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Information on Upington, Northern Cape, South Africa

Conference Venues South Africa brings you information on Upington situated in the Northern Cape Province of South Africa including information on Facilities and Recreation, Climate, Founding, History Suburbs, Town Planning and Geography.

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Upington is the main commercial, educational and agricultural center of the Gordonia and Green Kalahari regions in the Northern Cape Province. This Southern Kalahari Desert town is situated within the fertile Orange River valley, a glittering green ribbon, which brings life giving water from the Lesotho Highlands and snakes across the semiarid Northern Cape landscape. The Orange river that flows through Upington is the result of the confluence of the Vaal and Orange rivers at the town of Douglas, approximately 300 km upstream.

Upington is a holiday destination with all the amenities required for the many tourists who stay or travel through it, as well as an agricultural centre for one of the most comprehensive sultana grape farming areas in the country.

The economy of Upington relies heavily on tourism, agriculture, and the services industry and several large South African companies dealing with table grapes, wine, livestock and dried fruit have their head offices in the town.

The town was named after Sir Thomas Upington, Attorney-General of the Cape. It originated as a mission station established by the Revd Christiaan Schröder in 1873. The original mission station now houses the town museum, known as the Kalahari Orange Museum.

Upington History

The area surrounding Upington has a very rich history, dating back to the 1600s. The first printed reference to the people who inhabited the Southern Kalahari Region appeared in the Journal of Rev. Edward Terry in 1615. Terry related that they were exceedingly dirty and carried the entrails of animals around their necks to eat later and bowing and bringing their mouths to their hands almost as low as their knees, would gnaw and eat the raw guts like hungry dogs. Their heads and faces were smeared with a mixture of cow dung and fat so upwind they would look and smell horrible. This view prevailed into the nineteenth century. In 1822 J. Campbell (Travels in South Africa) described the Korana as lazy beings who only hunted, slept and danced. In the mornings, he said, they slept very late, smoked for a while and then crawled to the nearest shade to sleep some more. These nomadic Khoikhoi tribes were known as the Kora or Korana.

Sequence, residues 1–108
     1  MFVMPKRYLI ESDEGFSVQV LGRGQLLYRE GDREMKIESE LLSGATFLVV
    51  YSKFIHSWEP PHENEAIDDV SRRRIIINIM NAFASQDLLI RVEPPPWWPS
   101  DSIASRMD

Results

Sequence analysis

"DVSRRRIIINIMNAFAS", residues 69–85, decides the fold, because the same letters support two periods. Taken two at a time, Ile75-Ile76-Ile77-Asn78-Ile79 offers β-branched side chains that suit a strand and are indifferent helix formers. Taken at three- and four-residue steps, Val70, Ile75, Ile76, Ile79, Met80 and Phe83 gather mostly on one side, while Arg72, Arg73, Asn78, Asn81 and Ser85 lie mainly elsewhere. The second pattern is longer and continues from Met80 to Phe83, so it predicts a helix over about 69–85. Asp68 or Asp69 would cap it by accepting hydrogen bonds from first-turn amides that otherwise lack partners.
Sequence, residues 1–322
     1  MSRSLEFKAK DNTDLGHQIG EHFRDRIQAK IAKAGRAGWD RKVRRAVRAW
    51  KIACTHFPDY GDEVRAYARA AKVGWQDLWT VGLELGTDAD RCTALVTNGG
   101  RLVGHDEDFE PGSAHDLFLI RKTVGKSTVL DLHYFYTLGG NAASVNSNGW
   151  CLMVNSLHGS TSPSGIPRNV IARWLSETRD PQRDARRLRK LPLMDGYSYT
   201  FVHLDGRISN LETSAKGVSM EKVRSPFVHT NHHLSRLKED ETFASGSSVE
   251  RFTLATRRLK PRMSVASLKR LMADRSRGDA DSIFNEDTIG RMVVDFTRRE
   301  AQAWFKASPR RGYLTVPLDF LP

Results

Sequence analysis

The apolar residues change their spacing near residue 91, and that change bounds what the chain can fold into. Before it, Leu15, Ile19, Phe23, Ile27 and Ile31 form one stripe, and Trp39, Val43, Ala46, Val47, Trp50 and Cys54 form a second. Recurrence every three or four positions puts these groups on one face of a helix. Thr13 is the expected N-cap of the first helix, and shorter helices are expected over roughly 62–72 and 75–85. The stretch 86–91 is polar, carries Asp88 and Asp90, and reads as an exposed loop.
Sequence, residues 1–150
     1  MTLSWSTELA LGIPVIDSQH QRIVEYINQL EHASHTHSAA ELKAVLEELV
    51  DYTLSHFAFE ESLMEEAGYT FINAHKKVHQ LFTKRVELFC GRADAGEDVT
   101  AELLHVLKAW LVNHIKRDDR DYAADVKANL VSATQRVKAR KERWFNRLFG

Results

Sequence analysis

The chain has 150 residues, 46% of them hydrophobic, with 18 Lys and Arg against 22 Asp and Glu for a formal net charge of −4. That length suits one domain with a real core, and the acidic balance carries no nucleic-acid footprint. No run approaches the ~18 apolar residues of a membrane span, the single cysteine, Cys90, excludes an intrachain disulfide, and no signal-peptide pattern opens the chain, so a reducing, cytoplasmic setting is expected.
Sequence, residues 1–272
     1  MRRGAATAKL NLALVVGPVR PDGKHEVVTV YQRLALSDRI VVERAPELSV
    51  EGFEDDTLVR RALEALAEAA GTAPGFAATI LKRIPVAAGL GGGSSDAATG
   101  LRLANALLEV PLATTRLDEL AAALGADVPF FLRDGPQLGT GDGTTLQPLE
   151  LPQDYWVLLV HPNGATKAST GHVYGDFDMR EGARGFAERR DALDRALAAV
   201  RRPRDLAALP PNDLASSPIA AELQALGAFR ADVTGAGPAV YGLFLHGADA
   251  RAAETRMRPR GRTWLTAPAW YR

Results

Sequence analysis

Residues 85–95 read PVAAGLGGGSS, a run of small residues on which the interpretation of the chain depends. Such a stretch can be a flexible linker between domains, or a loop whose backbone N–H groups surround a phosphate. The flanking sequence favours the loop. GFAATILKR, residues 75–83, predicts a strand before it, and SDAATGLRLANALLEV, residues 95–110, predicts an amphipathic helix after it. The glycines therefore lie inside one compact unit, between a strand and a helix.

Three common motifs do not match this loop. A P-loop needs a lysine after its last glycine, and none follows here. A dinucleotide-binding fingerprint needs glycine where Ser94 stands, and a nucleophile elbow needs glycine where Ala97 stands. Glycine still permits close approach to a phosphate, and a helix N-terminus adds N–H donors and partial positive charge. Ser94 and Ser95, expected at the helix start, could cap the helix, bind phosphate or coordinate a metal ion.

Modern day Upington traces its history back to the mid-18th century days when the ill-defined and poorly protected northern reaches of the Cape Colony were the stamping-ground of cattle rustlers, gun-runners, river pirates and outlaws of all kinds. From a stronghold near Upington, the fierce Korana Chiefs rustled cattle from all over the region, ranging from Calvinia to present-day Namibia.

By 1868, the Korana marauders had made life so intolerable that the colonial government was forced to create a special magisterial district. The Northern Border Protection Act was passed to permit action against the troublemakers. A special border unit was stationed near modern day Upington; but the handful of police and burghers were too few to protect a 330 km stretch of land and they found it impossible to keep the lurking Korana gangs numbering some 300 to 400 at bay, nor could they drive them from the densely wooded islands in the Orange River. This led to the First Korana war (1868–1869), which saw the Frontier Armed and Mounted Police and a small detachment of the Royal Artillery arrive in the area, led by Sir Walter Currie. Together with 400 mounted Boers and Basters, 100 Xhosa and 200 regulars, Currie was soon able to scatter the rustlers, but he failed to catch them. Koranna Chief, Klaas Lukas, who lived at Olyvenhoutsdrift, eventually captured the Korana gang leaders and handed them over to the colonial authorities, who banished them to Robben Island.